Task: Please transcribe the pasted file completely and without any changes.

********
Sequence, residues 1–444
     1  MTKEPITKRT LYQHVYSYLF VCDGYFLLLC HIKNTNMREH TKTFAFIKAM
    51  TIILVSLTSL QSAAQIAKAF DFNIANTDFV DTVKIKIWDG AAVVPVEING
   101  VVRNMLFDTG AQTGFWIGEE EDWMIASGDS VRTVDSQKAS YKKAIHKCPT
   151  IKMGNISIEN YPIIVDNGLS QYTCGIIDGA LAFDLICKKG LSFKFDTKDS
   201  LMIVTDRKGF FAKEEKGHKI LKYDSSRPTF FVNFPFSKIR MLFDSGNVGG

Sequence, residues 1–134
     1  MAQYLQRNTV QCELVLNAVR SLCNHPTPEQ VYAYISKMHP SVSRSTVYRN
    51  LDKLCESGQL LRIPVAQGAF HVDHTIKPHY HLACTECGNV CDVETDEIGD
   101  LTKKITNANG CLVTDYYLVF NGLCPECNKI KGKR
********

Sequence, residues 1–444
     1  MTKEPITKRT LYQHVYSYLF VCDGYFLLLC HIKNTNMREH TKTFAFIKAM
    51  TIILVSLTSL QSAAQIAKAF DFNIANTDFV DTVKIKIWDG AAVVPVEING
   101  VVRNMLFDTG AQTGFWIGEE EDWMIASGDS VRTVDSQKAS YKKAIHKCPT
   151  IKMGNISIEN YPIIVDNGLS QYTCGIIDGA LAFDLICKKG LSFKFDTKDS
   201  LMIVTDRKGF FAKEEKGHKI LKYDSSRPTF FVNFPFSKIR MLFDSGNVGG

Sequence, residues 1–134
     1  MAQYLQRNTV QCELVLNAVR SLCNHPTPEQ VYAYISKMHP SVSRSTVYRN
    51  LDKLCESGQL LRIPVAQGAF HVDHTIKPHY HLACTECGNV CDVETDEIGD
   101  LTKKITNANG CLVTDYYLVF NGLCPECNKI KGKR